Tuberculosis (TB) Control Unit
The TB Control Unit opened on 4 January 2016 and responsible for managing TB, Latent TB and associated screening and education across the whole of Torres and Cape HHS.
1. Most people can fight TB germs without becoming sick
Without treatment, only 5-10% of people infected with TB germs will develop active TB disease in their lifetime. Active TB disease happens when the body cannot stop the TB germ from multiplying, and you get sick. Active TB can be infectious. Usually, the body can stop TB germs spreading, causing latent or sleeping TB. If someone has latent or sleeping TB, you can’t catch TB from them. Some people may be at higher risk of developing active TB disease, such as those with HIV/AIDS or diabetes. If you do not smoke, avoid alcohol and live in a healthy way, you are less likely to get TB disease, even if you are infected.
2. TB is spread between people by germs in the air
Generally, people with untreated, ‘active’ TB disease in the lungs can spread TB. If they cough, laugh, sneeze, sing or talk, TB germs are expelled into the air and can be inhaled by other people. But one breath is not enough to be infected. You must share air with a person with TB disease over a long period of time to become infected.
3. TB disease may have the same signs as other common illnesses
People with active TB usually have TB germs in their lungs. This can cause a cough of more than 2-3 weeks, fever, night sweats and weight loss without trying. A person with active TB might feel more tired than usual and might have chest pain. In some cases they might also cough up blood. It is very important to go directly to a Primary Health Centre immediately if you have any of these signs and symptoms.
4. There are several tests for TB
If a health professional thinks you might have active TB, they will ask you to cough up into a cup. This will be examined for TB germs. They may also arrange a chest X-ray which may show TB in the lungs.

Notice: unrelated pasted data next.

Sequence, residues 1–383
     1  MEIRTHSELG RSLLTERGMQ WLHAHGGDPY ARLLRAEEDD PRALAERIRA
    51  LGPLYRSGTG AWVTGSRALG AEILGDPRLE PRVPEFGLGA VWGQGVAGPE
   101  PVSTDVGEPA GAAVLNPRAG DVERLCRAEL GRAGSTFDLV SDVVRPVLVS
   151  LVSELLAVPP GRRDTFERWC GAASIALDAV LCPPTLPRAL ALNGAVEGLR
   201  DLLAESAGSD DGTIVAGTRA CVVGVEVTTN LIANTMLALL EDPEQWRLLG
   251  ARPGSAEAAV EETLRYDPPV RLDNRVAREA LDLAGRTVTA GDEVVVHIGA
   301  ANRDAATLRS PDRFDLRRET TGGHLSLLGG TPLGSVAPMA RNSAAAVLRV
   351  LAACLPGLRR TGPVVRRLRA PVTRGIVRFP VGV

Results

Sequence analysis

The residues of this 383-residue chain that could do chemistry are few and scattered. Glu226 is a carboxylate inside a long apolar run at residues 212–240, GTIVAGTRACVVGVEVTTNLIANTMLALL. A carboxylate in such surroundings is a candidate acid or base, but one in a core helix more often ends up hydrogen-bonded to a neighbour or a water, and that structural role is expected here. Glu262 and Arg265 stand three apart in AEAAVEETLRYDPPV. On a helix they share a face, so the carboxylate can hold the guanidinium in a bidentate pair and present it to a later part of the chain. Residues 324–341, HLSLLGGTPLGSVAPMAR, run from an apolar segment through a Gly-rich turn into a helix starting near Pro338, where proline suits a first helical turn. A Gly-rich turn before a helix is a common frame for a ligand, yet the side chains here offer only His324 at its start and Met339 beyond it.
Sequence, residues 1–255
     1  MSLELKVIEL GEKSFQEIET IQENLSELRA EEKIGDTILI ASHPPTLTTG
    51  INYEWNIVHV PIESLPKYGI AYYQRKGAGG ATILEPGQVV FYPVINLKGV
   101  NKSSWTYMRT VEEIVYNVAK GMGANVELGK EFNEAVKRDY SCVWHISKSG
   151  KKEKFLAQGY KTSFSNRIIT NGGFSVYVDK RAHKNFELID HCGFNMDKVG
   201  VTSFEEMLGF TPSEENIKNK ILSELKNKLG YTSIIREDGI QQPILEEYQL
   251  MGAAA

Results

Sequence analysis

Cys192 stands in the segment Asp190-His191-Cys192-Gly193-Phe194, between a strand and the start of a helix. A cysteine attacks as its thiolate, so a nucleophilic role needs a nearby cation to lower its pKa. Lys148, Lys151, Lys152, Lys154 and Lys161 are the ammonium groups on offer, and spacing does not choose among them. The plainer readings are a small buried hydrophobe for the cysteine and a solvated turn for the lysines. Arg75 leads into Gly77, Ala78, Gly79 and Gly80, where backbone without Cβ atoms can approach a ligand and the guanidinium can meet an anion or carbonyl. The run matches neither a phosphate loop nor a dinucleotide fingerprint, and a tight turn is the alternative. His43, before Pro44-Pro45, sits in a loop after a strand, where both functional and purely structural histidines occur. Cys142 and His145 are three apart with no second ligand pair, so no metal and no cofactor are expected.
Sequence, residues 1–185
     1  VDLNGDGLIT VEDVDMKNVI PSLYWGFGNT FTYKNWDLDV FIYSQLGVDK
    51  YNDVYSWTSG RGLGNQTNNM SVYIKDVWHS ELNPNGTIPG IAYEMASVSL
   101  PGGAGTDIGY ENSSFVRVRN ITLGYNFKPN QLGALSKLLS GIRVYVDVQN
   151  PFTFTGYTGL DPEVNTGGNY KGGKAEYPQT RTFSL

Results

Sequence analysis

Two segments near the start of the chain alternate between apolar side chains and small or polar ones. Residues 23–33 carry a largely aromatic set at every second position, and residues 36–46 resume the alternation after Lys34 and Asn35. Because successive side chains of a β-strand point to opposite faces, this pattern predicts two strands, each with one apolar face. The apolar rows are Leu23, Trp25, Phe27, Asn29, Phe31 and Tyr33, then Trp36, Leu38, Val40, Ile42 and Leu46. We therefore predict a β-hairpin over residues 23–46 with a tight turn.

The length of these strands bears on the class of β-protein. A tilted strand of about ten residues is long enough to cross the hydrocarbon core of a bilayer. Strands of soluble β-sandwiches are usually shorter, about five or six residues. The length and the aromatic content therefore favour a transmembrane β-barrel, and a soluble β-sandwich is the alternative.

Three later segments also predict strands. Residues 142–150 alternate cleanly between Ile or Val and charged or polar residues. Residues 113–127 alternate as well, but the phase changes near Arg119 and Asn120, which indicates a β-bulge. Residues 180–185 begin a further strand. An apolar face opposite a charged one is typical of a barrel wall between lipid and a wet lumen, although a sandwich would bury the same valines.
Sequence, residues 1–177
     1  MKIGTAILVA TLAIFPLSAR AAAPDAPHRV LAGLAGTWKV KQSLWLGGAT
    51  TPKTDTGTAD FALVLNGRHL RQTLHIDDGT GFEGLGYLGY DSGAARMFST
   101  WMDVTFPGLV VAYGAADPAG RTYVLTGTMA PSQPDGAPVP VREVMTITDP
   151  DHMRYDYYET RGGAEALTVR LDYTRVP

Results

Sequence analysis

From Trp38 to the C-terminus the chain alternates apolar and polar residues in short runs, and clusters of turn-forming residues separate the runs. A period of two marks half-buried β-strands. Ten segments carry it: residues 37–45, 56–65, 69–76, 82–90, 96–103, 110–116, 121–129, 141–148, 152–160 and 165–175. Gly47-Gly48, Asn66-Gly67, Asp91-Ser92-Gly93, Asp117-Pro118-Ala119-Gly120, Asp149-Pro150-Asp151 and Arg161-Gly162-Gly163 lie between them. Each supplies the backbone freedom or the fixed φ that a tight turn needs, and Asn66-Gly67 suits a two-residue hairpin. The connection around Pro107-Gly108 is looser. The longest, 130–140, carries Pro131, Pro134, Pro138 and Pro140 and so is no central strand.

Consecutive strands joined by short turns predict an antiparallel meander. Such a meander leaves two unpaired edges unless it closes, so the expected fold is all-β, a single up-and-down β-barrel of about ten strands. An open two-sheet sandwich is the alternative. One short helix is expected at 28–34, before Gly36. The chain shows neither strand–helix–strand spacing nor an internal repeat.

5. TB is curable with a long course of antibiotics
Active TB disease is treated with at least 6 months of strong antibiotics. At least three or four antibiotics are needed to kill all of the TB germs forever. Every dose of medication is vital. Treatment is started in Thursday Island or Cairns Hospital. Once the patient is no longer infectious, they can finish the treatment at home. Depending on the patient, the doctor may suggest that tablets are taken with a health professional every day.
6. Multi-drug resistant TB is caused by people not completing their antibiotics
You can catch multi-drug resistant TB the same way as normal TB, from someone with ‘active’ TB disease. Multi-drug resistant TB can happen if you get normal TB and do not take the whole antibiotic treatment. If you don’t have all the antibiotics the TB germ survives longer, and becomes stronger. You must take ALL the antibiotics for the whole time to prevent the spread of TB and prevent resistance.
- Breathing in TB germs in the air over time
- Sharing water pipes (bongs)
- Sharing clothes
- Sharing food
- Sharing water glasses or utensils
- Shaking hands
- Touching the same objects
- Mosquito bites
- Intimate sexual relations